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The Courage of Split-Second Decision-Making

by Miriam - December 23rd, 2013.
Filed under: General.

CourageI don’t dream (or, at least, I usually don’t remember my dreams), but this morning I woke with an odd dream fading from my memory, centered around the consequences of split-second decision-making.   The circumstances of my dream have completely left me, but I did ponder about it as I went through my morning routine.

As if the universe is trying to tell me something, I saw this post in my Monday Morning blog reading:  Marines Don’t Do That: Mastering the Split-Second Decision.  The article by Professor Michael Wheeler from the Harvard Business School relays the (apparently true) story about a British Marine who made the wrong decision, and about the importance of being able to act (or react) appropriately without having the time to think.

Today’s world moves very quickly, and there is rarely time to thoroughly ponder the pros and cons of most decisions.   How do you know if you make the right decision?  How do keep from being frozen by indecision?  The author states that a strong moral compass provides the backbone for making the right choice when there is not time for due consideration.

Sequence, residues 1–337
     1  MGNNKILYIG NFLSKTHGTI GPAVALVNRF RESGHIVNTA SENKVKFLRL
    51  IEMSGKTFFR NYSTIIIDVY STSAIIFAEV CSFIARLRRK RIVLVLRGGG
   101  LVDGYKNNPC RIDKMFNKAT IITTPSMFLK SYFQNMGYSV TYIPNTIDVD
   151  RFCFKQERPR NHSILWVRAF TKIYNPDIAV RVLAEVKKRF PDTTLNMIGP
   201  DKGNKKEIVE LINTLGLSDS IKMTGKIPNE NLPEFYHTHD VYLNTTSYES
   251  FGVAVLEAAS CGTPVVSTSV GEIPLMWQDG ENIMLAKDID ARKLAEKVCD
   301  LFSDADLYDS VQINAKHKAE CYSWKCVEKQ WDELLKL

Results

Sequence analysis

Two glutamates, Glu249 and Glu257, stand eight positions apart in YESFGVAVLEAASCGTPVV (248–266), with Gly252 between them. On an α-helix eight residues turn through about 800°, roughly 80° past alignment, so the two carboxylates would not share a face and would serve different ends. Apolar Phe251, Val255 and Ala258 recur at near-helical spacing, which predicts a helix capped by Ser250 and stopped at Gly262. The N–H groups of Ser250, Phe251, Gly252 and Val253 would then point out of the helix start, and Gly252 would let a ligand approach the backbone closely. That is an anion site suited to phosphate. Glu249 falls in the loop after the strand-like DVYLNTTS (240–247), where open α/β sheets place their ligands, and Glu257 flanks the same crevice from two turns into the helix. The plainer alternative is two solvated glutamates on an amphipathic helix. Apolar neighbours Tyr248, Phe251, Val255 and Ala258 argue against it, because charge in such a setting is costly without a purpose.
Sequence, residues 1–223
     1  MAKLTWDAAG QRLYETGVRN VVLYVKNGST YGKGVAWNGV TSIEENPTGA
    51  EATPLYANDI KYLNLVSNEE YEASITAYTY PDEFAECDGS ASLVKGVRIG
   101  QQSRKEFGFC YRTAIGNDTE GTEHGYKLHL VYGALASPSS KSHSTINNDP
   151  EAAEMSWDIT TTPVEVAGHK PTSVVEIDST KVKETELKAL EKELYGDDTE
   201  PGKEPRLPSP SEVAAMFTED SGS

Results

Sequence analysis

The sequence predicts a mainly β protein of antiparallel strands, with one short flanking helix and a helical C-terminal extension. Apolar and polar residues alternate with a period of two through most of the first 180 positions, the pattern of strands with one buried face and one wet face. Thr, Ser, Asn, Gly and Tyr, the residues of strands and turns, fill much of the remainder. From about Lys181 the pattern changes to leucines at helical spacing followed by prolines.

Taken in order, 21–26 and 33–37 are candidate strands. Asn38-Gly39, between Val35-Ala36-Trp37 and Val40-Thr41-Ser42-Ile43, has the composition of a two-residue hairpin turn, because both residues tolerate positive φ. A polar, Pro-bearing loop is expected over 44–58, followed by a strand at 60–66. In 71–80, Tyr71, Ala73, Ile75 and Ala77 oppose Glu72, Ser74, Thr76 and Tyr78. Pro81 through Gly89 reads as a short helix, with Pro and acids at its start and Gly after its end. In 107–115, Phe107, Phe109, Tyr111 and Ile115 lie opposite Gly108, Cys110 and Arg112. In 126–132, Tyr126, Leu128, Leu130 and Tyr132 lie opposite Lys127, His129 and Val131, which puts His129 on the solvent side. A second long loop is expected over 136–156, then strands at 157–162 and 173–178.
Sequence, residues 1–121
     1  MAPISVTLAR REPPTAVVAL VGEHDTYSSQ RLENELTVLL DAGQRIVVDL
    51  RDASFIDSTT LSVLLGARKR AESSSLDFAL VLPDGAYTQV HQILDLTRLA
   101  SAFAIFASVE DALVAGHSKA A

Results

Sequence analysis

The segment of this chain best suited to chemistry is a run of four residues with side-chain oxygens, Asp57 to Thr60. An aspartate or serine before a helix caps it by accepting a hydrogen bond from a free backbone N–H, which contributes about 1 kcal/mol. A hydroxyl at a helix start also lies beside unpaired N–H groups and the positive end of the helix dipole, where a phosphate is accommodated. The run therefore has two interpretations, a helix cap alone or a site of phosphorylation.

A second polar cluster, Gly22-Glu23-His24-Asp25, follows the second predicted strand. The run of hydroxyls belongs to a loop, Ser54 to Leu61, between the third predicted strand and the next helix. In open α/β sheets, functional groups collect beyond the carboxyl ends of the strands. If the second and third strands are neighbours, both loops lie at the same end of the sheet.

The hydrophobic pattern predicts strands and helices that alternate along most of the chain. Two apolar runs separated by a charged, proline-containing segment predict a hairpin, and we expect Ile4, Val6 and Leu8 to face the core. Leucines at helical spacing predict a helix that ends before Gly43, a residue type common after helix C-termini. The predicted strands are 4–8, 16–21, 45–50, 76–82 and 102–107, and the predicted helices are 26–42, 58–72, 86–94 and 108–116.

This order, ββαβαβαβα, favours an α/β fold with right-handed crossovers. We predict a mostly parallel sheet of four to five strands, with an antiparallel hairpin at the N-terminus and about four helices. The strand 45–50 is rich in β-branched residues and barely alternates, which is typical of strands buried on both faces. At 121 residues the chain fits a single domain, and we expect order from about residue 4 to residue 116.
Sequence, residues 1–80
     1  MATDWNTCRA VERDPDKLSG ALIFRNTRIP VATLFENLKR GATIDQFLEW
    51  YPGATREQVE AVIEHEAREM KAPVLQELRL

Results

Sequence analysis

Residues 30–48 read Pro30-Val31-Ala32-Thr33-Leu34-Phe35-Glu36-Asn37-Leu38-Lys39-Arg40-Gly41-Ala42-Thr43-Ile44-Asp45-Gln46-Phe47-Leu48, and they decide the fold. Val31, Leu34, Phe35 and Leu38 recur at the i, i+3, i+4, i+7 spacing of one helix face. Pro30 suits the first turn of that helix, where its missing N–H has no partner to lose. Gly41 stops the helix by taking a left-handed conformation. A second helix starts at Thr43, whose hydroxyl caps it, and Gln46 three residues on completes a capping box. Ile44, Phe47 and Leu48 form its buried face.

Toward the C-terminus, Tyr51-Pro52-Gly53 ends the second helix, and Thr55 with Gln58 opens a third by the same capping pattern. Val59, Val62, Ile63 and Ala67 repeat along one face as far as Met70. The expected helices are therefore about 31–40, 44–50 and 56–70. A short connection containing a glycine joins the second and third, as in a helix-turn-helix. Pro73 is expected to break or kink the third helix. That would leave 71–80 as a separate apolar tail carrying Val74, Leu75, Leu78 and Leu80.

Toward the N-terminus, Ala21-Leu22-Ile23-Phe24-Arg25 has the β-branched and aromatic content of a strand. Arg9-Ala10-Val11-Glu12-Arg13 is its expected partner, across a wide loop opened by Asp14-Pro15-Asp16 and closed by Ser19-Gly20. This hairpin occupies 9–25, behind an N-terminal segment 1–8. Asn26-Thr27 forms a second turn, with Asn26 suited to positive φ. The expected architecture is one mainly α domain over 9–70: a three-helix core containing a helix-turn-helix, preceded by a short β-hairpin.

Acting quickly and decisively is only half the battle, however.  Living with the consequences of those actions is the other half.  While acting within a strong moral compass should result in the correct result, there is always the chance that even a good-hearted decision will be the wrong decision.  We’ve all made mistakes – some with serious consequences.    Not only do we have to live with those consequences, we must not become so fearful of making mistakes that we lose the ability to act at all.

The author goes beyond the discussion of relying upon your moral compass as a guide for your own decision-making – he further states that this principle applies to interactions with others – we should use our moral principles to encourage others to do the right thing (or discourage them from the wrong choice).  The author tells us that US Marines are taught poise, presence and moral courage, including the courage to not stand idly by while another person acts improperly.   As moral people, we are also responsible for those we touch.  I think that society discourages us from sharing our beliefs with others; and certainly discourages us from trying to influence others if we disagree with the current mob mentality.

My prayer for today is that we have the courage of our convictions and the courage to act within those convictions for others as well as for ourselves – and especially when the decision is made in the split-second.

 

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